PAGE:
Last week might be an example of the Trump put having little lasting power—it took just one day for stocks to reverse all the gains from the tariff delay.

The logic of the Trump put is questionable, too. If Mr. Trump cares so much about the stock market, why is he pursuing trade policies that are anathema to Wall Street in the first place? The obvious answer is that he has multiple goals, some of which differ from those of global investors; he’s also unpredictable, which increases uncertainty about government policy.

Making things still more complex, Mr. Trump’s actions overlap with the Federal Reserve and the more-powerful “Powell put,” the idea that Fed Chair Jerome Powell will ease monetary policy to rescue a falling stock market. This is both controversial—the Fed should be driven by the economy, not the wealth of stockholders!—and obvious: If the market’s falling because investors fear a slowdown, the Fed probably fears a slowdown too, and should act. Falling stock prices can also crimp consumer confidence and household wealth, and so slow the economy.

Donald J. Trump


Our Economy is very strong, despite the horrendous lack of vision by Jay Powell and the Fed, but the Democrats are trying to “will” the Economy to be bad for purposes of the 2020 Election.  Very Selfish! Our dollar is so strong that it is sadly hurting other parts of the world…

Donald J. Trump


…..The Fed Rate, over a fairly short period of time, should be reduced by at least 100 basis points, with perhaps some quantitative easing as well. If that happened, our Economy would be even better, and the World Economy would be greatly and quickly enhanced-good for everyone!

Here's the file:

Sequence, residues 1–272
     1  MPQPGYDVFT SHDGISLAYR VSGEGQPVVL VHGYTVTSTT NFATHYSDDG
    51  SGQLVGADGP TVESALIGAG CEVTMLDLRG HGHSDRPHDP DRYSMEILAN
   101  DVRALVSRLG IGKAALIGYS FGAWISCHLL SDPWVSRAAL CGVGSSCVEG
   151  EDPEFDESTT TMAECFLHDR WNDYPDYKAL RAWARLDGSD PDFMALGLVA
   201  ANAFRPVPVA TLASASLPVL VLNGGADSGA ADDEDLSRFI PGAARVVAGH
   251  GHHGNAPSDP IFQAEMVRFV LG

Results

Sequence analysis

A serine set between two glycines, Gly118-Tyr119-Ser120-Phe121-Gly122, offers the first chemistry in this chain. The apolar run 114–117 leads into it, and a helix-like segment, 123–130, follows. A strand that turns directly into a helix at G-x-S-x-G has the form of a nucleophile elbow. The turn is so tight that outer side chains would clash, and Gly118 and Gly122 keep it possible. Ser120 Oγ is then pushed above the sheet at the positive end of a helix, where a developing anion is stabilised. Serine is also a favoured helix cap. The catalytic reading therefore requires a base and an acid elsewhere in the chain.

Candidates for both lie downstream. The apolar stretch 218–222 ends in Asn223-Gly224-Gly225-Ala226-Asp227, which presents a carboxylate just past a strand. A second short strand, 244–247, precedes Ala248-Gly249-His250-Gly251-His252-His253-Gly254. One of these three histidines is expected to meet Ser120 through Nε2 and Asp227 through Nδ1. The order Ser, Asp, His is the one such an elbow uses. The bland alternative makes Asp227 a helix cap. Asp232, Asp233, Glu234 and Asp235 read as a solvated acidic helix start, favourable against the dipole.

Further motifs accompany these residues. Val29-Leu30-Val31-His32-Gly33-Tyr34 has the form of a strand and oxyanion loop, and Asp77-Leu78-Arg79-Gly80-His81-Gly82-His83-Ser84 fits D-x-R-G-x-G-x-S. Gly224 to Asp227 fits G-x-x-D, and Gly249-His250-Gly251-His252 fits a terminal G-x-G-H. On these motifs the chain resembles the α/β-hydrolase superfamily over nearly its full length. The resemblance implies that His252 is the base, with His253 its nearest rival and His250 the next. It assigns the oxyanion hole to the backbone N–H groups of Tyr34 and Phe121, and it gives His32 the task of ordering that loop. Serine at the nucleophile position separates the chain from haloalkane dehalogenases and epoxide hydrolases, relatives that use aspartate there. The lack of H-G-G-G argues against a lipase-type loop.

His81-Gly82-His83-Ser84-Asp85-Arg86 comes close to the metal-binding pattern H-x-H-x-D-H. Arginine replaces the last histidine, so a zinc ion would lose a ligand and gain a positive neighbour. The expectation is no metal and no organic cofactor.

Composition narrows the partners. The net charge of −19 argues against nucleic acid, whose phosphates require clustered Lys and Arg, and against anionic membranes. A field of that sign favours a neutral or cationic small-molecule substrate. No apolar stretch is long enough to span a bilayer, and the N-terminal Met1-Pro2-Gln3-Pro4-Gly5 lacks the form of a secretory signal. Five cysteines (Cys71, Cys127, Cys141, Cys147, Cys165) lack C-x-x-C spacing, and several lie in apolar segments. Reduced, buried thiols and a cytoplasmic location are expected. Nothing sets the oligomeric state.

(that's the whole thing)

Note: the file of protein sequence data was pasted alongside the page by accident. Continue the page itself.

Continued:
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At the moment, the Powell put works when the Trump put doesn’t. The Fed is concerned that Mr. Trump’s trade fights are a risk to the economy, and has already cut rates once. Futures traders are pricing as certain a cut next month, with a further one or two cuts likely by the end of the year. The more Mr. Trump talks tough on trade, hurting the market, the more the Fed is likely to cut rates. Equally, if Mr. Trump can persuade the Fed to slash rates—as he recommended in a tweet on Monday—it is less risky for him to ramp up the action on trade.

This creates some perverse signals. Lower rates can help stocks by boosting the valuation of future profits, even if profits are likely to be lower in an economy held back by rising tariffs. Disentangling exactly how much stocks would be down by if the Fed wasn’t expected to respond is impossible, but prices would surely be lower.

Put this together and the Trump put is less reliable than many think, especially when combined with Fed moves. Even if the Trump put exists, the president could be freed to become more aggressive on trade if the Fed helps out with lower rates. At least as likely is that the Trump put fails, either because the president thinks electoral success rests more with bashing trade partners than supporting stocks, or because trade partners fail to play along. Be wary.